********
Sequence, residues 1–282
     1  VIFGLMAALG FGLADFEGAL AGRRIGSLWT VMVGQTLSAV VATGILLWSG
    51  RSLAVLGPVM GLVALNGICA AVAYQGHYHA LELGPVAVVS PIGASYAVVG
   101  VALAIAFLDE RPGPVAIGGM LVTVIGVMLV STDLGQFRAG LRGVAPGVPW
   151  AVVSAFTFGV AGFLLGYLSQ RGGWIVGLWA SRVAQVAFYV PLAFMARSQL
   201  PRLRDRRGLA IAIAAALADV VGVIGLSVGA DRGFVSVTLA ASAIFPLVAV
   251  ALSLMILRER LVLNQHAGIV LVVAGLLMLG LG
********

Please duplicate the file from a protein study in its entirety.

Sequence, residues 1–282
     1  VIFGLMAALG FGLADFEGAL AGRRIGSLWT VMVGQTLSAV VATGILLWSG
    51  RSLAVLGPVM GLVALNGICA AVAYQGHYHA LELGPVAVVS PIGASYAVVG
   101  VALAIAFLDE RPGPVAIGGM LVTVIGVMLV STDLGQFRAG LRGVAPGVPW
   151  AVVSAFTFGV AGFLLGYLSQ RGGWIVGLWA SRVAQVAFYV PLAFMARSQL
   201  PRLRDRRGLA IAIAAALADV VGVIGLSVGA DRGFVSVTLA ASAIFPLVAV
   251  ALSLMILRER LVLNQHAGIV LVVAGLLMLG LG